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Quantum loop: US unveils blueprint for 'virtually unhackable' internet

Officials say quantum technology could become the basis for a more secure internet architecture
Officials say quantum technology could become the basis for a more secure internet architecture Philippe HUGUEN AFP/File
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Washington (AFP)

US officials and scientists have begun laying the groundwork for a more secure "virtually unhackable" internet based on quantum computing technology.

At a presentation Thursday, Department of Energy (DOE) officials issued a report that lays out a blueprint strategy for the development of a national quantum internet, using laws of quantum mechanics to transmit information more securely than on existing networks.

The agency is working with universities and industry researchers on the engineering for the initiative with the aim of creating a prototype within a decade.

In February, scientists from DOE's Argonne National Laboratory and the University of Chicago created a 52-mile (83-kilometer) "quantum loop" in the Chicago suburbs, establishing one of the longest land-based quantum networks in the nation.

The aim is to create a parallel, more secure network based on quantum "entanglement," or the transmission of sub-atomic particles.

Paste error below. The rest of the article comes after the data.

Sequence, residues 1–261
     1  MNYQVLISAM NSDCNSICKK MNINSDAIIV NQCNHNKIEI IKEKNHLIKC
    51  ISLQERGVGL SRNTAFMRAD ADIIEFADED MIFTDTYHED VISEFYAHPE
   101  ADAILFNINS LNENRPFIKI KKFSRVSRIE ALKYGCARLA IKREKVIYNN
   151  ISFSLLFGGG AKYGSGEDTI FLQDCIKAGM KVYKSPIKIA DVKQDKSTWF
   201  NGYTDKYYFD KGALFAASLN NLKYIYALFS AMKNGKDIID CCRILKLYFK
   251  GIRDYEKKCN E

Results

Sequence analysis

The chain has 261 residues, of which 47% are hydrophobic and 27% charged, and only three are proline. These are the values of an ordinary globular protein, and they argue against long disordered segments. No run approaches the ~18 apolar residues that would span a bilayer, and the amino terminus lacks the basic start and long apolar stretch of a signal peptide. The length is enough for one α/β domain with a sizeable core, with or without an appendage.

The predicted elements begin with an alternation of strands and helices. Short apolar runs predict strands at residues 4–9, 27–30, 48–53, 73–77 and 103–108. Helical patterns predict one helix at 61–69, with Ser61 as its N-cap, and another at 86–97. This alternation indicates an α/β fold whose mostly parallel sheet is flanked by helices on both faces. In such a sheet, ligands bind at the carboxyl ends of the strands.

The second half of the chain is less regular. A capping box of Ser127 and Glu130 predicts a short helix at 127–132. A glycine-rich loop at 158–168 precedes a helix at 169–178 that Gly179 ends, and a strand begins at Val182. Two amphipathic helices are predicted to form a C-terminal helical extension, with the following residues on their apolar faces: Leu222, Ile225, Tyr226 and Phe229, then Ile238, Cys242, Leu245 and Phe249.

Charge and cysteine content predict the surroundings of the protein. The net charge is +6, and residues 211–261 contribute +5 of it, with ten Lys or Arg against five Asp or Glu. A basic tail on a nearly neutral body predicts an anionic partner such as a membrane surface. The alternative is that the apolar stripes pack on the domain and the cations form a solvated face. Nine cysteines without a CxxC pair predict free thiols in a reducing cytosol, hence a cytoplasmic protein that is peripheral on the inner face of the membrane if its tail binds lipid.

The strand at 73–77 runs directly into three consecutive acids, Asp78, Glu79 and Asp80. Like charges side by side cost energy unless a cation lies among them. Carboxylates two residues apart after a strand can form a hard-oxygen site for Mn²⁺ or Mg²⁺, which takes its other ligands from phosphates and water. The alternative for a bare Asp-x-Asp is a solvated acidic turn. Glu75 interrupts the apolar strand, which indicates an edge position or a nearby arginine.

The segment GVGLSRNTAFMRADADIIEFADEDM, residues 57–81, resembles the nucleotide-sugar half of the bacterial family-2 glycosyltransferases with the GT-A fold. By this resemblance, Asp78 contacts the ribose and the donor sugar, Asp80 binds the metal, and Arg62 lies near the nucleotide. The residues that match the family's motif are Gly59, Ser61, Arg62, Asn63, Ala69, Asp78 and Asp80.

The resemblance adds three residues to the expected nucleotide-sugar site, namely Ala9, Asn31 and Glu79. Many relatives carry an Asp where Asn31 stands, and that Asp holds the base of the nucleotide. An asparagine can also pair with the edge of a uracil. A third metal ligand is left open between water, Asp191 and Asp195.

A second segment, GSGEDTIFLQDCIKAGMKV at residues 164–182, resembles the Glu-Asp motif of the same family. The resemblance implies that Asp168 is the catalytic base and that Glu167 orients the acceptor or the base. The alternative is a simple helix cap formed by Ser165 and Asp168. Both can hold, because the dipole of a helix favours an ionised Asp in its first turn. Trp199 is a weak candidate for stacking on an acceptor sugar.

"One of the hallmarks of quantum transmissions is that they are exceedingly difficult to eavesdrop on as information passes between locations," according to the Energy Department statement.

"Scientists plan to use that trait to make virtually unhackable networks."

The department said early adopters could include the banking and health services sectors, adding that there would be applications for national security and aircraft communications.

"Eventually, the use of quantum networking technology in mobile phones could have broad impacts on the lives of individuals around the world," the statement added.

The agency's 17 national laboratories will serve as the backbone of the coming quantum internet, which has initial government funding.

"The foundation of quantum networks rests on our ability to precisely synthesize and manipulate matter at the atomic scale, including the control of single photons," said David Awschalom, a professor at the University of Chicago and senior scientist at Argonne National Laboratory.

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